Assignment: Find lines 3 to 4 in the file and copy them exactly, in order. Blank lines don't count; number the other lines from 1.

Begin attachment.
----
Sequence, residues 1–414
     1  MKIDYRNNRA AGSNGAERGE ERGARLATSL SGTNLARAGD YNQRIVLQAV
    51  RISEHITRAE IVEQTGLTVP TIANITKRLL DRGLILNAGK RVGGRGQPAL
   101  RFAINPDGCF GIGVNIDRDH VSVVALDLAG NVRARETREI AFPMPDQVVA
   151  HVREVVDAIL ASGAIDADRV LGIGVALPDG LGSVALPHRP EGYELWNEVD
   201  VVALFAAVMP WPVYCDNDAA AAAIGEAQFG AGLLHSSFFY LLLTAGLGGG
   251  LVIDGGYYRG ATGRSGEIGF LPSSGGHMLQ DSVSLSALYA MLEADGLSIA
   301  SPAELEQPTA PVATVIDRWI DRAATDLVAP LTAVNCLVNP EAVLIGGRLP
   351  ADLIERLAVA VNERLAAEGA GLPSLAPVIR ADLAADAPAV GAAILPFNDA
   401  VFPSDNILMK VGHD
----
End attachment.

    51  RISEHITRAE IVEQTGLTVP TIANITKRLL DRGLILNAGK RVGGRGQPAL
   101  RFAINPDGCF GIGVNIDRDH VSVVALDLAG NVRARETREI AFPMPDQVVA